|Project by scottb||posted 01-31-2010 06:17 AM||2023 views||0 times favorited||5 comments|
I inherited my grandfathers collection of old Wood magazines and read about making one of these glasses – years before you could buy the footless wine glass parts from Rockler or elsewhere. The article dated back much further. I thought it’d be something I’d like to make someday. Sure, by the time I finally got around to making this, I could have bought glass specially made for this project, but why when a perfectly good wineglass was available to me for free – just as soon as I broke the foot off.
Oh how we turners like to take perfectly good things apart and replace parts with nice wooden ones. pens, screwdrivers, doorknobs and now, stemware!
This would be (and was) perfect gift from my M.I.L. as she always offers up a glass of wine to enjoy over a game of Scrabble. (Scrabble is practically a religion in my wifes family.)
Last year, I kept up the momentum of my 30 projects in 30 days challenge and turned the base of this wineglass. The holidays got the better of my time (plus the lathe needed a well deserved rest) – oh yeah, and we had a horrible power outage, that kinda got me out of the shop until January…. SO this sat on the shelf, survived a move across town and then got a quick finish and glue up in time for this Christmas. – Due to the move it was the ONLY homemade item out of my shop this year.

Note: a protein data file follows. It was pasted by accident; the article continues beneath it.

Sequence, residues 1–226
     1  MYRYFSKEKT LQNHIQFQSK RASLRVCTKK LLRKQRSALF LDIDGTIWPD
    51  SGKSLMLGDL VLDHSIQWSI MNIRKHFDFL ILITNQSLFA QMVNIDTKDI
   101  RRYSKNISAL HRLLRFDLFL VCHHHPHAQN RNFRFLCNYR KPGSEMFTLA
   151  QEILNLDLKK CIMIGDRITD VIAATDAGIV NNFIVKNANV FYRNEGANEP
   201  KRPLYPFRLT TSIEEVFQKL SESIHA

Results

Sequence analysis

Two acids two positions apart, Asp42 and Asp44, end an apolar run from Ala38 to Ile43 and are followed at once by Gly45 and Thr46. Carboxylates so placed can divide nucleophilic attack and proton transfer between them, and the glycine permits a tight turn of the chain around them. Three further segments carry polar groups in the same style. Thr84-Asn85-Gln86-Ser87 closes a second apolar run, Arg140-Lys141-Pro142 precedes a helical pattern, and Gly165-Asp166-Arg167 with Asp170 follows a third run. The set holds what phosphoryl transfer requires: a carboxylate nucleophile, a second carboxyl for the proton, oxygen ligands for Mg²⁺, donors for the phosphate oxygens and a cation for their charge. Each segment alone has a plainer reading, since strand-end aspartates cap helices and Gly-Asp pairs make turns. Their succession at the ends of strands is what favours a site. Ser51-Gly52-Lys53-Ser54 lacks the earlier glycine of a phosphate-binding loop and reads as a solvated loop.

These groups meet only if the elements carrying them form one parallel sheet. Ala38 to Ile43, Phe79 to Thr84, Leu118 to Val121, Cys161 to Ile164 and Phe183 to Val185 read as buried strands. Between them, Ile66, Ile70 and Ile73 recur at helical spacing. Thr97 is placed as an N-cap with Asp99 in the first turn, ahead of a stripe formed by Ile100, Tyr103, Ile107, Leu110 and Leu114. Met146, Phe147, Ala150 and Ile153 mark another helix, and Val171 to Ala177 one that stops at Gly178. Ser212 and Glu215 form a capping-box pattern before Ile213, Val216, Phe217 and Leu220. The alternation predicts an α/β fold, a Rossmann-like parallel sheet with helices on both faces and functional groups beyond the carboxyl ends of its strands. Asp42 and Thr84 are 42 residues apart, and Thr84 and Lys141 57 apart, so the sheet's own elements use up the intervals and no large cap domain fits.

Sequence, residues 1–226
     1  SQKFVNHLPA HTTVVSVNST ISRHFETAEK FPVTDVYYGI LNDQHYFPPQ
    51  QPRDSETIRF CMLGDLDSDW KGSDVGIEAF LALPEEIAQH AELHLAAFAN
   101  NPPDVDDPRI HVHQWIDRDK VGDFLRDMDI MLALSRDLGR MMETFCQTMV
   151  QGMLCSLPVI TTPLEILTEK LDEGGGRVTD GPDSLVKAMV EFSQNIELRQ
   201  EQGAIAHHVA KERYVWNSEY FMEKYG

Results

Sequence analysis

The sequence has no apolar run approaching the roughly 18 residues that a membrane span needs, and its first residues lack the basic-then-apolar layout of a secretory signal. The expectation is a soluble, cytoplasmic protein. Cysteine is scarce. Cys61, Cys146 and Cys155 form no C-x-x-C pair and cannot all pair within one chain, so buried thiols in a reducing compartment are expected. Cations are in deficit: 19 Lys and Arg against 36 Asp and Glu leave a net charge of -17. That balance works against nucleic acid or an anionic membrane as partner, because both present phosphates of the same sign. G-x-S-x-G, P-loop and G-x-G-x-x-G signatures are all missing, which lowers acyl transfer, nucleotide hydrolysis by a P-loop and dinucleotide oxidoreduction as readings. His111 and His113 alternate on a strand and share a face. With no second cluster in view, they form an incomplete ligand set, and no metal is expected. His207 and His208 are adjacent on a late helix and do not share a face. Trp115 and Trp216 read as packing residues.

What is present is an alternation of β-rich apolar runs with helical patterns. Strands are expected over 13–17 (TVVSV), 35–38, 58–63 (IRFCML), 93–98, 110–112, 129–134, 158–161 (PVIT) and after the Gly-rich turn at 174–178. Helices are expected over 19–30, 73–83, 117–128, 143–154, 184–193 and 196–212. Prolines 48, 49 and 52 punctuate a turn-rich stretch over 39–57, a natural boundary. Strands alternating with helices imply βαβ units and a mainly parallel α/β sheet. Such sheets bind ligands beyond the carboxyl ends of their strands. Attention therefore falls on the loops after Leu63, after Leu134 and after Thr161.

About the wooden stem. The glue up is made of Mahogany and Maple. The mahogany is left over from their deck, the maple is offcuts from my pub table (a project ‘commissioned’ by my wife, and also my first project posted on LJ’s). It’s hard to tell in the picture, but the mahogany is continuous grain from the top to the bottom. The difference in edge and end grain at the bottom plays tricks with the flash, the color is the same. The stem is glued in with bondaflex so the wood movement won’t crack the glass. The wood finish is Howards Feed N Wax. Orange oil and beeswax blend. (my Father-in-laws wood finish of choice!)
As to the Yin & Yang of this contest entry,
I like the interplay of the woods, the grain, and the alliteration of the names. Oh, and did I mention the deck was built by MY father? So here we have a Yin & Yang, not only of wood colors and grain, but also of in-laws and ‘out-laws’ from two generations on both sides of the family, tied up in one project.